Our studio aimed to examine how sex and religion are mobilized together in the management of minorities in Europe, the Middle East, and South Asia. Rather than take for granted the secular narrative of sexual and religious life as private, we sought to analyze how secular rule is actually subtended by the twinned regulation of religion and sexuality, and how the public/private boundary that ostensibly undergirds secularity and guarantees both religious freedom and sexual freedom hinges on the management by the secular state of religious and sexual communities.
During the first year, the studio focused largely on the intersection of secular law, governmentality, and the regulation of religious communities. We also took up the matter (quite literally) of the archive itself, a primary object of observation for many of us working on colonialism and the law. We problematized not only the taken-for-granted nature of the archive as a repository of empirical knowledge but also our own attachments to recovering the repressed or secret histories of minoritized and/or marginalized groups. During the second year, we moved to considerations of secularity through its embodied, sensorial, and affective dimensions, trying to map some of the coordinates of what might be called the secular body (including its gendered and sexual protocols). We explored the idea that, like forms of religiosity, secularity too includes a range of ethical, social, and physical dispositions, hence the need to apprehend the secular via its sensorial and affective dimensions and not only its political and legal ones.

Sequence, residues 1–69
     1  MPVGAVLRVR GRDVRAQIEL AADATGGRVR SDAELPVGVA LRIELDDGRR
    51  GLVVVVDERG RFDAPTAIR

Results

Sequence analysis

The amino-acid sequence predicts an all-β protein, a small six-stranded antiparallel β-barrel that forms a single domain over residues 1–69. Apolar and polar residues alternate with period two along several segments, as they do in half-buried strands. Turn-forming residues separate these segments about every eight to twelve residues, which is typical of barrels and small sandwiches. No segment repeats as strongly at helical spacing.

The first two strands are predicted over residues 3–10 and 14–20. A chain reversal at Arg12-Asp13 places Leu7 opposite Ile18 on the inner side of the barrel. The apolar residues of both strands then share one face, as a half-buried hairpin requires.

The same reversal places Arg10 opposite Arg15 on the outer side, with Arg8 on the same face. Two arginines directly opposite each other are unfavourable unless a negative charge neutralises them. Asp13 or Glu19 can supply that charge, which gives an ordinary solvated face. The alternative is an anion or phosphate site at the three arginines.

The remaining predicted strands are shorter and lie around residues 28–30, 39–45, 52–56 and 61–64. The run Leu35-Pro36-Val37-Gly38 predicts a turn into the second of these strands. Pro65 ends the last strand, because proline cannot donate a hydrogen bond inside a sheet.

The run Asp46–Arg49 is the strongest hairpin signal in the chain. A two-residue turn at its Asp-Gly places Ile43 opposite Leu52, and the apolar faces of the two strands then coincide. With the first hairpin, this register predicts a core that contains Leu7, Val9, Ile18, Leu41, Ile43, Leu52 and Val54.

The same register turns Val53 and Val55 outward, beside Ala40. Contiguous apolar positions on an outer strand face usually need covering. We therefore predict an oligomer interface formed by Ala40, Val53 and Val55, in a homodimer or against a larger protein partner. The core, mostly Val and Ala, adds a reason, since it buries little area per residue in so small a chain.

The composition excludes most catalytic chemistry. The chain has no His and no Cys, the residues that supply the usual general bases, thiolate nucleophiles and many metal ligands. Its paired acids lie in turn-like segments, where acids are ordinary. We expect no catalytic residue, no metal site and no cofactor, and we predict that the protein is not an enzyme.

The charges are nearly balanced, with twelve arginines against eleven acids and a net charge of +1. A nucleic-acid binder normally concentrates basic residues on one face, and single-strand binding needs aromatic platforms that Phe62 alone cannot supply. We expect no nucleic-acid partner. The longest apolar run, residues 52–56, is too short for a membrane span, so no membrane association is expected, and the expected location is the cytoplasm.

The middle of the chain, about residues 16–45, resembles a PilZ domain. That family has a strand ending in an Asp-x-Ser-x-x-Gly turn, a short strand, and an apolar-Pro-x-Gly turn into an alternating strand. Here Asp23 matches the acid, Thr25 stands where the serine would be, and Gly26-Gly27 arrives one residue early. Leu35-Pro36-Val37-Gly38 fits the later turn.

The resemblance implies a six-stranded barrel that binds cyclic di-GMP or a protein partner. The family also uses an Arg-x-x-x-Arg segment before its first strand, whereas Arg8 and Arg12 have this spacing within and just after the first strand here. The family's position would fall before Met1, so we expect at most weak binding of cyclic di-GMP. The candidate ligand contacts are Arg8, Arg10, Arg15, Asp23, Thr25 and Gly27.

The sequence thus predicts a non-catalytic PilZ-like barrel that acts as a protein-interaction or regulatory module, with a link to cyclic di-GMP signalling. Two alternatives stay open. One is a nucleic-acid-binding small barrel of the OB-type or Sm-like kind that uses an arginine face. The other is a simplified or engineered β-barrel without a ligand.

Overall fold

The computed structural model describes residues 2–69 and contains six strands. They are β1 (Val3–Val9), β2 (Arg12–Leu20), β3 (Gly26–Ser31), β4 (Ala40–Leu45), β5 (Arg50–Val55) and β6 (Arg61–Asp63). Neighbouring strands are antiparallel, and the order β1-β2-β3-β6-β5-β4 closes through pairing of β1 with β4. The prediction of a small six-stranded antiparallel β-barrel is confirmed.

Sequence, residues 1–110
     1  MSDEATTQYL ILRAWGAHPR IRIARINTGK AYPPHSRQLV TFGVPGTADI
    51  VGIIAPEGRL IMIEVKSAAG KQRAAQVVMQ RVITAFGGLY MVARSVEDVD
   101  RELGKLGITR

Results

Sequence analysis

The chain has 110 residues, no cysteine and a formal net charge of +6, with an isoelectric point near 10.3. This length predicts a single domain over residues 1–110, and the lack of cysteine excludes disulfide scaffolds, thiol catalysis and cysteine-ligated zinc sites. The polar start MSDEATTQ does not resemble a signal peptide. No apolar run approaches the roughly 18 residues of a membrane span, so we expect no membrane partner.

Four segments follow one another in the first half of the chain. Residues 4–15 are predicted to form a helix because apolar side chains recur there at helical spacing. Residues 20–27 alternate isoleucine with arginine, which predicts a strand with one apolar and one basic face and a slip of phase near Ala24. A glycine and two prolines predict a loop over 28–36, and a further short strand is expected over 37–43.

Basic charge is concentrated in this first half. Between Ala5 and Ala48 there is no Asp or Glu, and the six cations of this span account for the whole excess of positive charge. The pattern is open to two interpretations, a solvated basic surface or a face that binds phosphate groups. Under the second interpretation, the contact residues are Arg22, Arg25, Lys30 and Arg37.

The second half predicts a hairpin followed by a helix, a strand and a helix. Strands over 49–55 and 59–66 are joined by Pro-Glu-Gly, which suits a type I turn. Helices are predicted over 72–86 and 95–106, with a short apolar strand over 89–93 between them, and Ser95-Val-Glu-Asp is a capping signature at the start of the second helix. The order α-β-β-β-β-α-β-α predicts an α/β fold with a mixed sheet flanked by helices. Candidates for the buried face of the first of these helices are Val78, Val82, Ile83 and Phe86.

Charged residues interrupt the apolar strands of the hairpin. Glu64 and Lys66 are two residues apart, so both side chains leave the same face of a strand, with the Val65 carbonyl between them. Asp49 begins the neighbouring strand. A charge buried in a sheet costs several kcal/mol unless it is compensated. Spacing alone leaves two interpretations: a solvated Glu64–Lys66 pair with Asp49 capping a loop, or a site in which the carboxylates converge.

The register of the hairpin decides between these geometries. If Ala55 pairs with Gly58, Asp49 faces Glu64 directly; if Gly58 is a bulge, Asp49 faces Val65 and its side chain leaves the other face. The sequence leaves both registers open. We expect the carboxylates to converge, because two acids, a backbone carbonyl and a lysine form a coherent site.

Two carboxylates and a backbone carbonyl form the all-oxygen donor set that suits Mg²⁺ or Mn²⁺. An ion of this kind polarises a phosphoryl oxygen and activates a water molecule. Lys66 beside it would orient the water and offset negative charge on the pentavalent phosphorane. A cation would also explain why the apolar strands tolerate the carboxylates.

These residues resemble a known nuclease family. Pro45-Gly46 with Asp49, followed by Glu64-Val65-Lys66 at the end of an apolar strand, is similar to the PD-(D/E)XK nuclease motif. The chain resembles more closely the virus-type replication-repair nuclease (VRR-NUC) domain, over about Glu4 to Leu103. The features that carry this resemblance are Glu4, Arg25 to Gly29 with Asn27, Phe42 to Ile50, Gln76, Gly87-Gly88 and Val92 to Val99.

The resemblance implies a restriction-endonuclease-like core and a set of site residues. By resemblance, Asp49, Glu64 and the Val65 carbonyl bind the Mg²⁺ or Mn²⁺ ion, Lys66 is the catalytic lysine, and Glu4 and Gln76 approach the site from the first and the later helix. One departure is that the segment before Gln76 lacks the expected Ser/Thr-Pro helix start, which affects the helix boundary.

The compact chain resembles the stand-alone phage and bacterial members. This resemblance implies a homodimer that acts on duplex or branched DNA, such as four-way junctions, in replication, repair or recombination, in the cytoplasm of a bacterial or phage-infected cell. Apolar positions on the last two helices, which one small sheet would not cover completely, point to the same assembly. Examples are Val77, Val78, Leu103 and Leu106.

For more information, please see the Studio’s site.